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Albuquerque’s homeless families need help, and now » Albuquerque Journal

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There is a crisis in Albuquerque – one which has nothing to do with civil unrest or national politics – and one which the city must immediately address.

According to the city’s director of Family and Community Services, the city’s COVID-19 emergency shelter system was out of space last week for homeless families. In other words, “no vacancy” for children and their families at the city’s Westside Emergency Housing Center or within the city’s network of “wellness” hotels.

As of Jan. 19, the city’s shelter-hotel system was accommodating 768 people. Among that total were 87 families that included 186 children.

Think about that for a moment – almost 200 children are living in hotels on a temporary basis in our city, with an untold number of others sleeping outdoors or in vehicles while temperatures drop into the 20s at night.

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While there is still room for adult men and women, Family and Community Services Director Carol Pierce says the family units at hotels are full because of the “staggering” number of children. “As soon as (an opening) comes up, they are rapidly filled,” Pierce says. Albuquerque Public Schools estimates that at any given time over the course of a school year, there are about 3,000 students who don’t have a permanent address, including students who live in motels or stay with family or friends.

The homeless crisis requires emergency action by Albuquerque and its partnering agencies, which have established five shelter-hotel operations in the city. The Albuquerque City Council needs to approve an emergency appropriation so the city can immediately expand the shelter-hotel program for families and certain other clients, such as people at high risk of COVID-19 complications or who are showing symptoms.

On Monday, the city announced it is putting $1 million in HVAC, ADA, trash and parking lot upgrades at the Westside Emergency Housing Center. Important, yet it does nothing to add capacity for the hundreds of men, women and children sleeping on our streets. The West Side shelter used to have 450 beds, but COVID-safe practices cut that in half. One of the big cuts was the shelter’s “family pod.”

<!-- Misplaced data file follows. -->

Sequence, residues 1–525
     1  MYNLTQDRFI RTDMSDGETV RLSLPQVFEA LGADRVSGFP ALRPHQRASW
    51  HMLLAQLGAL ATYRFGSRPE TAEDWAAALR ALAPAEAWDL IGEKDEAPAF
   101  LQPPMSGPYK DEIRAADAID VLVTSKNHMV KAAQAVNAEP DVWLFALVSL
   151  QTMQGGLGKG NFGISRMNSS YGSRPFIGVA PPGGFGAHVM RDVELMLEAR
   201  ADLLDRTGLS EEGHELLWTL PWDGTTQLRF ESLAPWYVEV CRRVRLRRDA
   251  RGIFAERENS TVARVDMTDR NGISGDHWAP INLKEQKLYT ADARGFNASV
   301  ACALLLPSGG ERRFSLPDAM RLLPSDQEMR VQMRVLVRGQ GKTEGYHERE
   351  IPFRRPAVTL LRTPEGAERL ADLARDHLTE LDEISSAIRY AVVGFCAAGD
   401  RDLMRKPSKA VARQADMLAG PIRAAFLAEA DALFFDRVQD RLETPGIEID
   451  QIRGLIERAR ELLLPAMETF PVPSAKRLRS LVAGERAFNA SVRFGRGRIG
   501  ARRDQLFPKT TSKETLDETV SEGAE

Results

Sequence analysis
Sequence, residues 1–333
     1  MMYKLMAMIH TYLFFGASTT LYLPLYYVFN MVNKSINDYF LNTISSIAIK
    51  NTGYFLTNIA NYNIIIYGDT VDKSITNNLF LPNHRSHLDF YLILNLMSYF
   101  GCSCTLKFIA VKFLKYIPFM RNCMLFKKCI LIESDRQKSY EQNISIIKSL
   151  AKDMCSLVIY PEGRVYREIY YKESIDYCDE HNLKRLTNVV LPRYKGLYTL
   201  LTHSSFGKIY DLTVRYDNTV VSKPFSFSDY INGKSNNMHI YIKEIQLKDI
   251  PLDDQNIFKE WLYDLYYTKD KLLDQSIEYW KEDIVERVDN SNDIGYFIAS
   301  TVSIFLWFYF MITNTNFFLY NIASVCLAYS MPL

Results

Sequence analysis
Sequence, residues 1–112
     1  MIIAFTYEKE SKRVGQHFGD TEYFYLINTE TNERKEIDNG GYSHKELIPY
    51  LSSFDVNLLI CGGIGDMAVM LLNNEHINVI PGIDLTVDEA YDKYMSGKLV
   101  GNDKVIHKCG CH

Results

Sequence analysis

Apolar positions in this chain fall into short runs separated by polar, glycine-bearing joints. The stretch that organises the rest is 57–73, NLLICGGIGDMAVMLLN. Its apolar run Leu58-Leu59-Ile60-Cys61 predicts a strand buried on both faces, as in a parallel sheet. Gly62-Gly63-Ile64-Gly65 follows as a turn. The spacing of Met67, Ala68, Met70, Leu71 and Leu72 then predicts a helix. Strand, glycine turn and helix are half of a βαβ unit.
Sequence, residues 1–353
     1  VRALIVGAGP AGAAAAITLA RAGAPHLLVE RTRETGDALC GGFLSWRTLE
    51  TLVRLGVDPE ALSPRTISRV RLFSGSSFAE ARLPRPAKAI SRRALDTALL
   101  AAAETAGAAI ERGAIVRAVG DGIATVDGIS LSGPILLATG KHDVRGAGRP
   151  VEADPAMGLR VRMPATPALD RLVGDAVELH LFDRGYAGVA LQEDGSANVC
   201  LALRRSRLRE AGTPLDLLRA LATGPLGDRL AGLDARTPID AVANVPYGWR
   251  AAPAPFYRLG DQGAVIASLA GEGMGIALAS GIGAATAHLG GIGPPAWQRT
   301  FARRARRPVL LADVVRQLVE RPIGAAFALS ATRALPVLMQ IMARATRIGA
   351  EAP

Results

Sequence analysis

Keep that in mind as the debate continues over the morphing “Gateway Center,” including how many shelter beds for what populations in which part of town.

Meanwhile, the city needs to open up more motel rooms for homeless families.

And while it opens motel rooms, the best model would be for men, women and homeless families to be housed at hotels dedicated to their population.

These groups of people are struggling with very different issues that have led to their homeless situation – children whose families are dealing with unemployment and women fleeing abuse should not have to navigate a parking lot of single men struggling with addiction. And given the lack of travel under COVID-19, there are plenty of hotels with vacancies in the city.

A Point-in-Time count in 2019 showed New Mexico with a the highest percentage increase in homelessness in the nation at 57.6%. The last sheltered/unsheltered count in 2019 put the number of homeless people in Albuquerque at just over 1,500, although operators of homeless shelters and meal programs say the actual number was probably in the range of 4,000 to 4,500. And that was pre-pandemic.

People can debate all day long whether homelessness is more a result of personal behavior or economic disparities. But there should be no debate that every child deserves a clean, warm bed every single night.

This editorial first appeared in the Albuquerque Journal. It was written by members of the editorial board and is unsigned as it represents the opinion of the newspaper rather than the writers.

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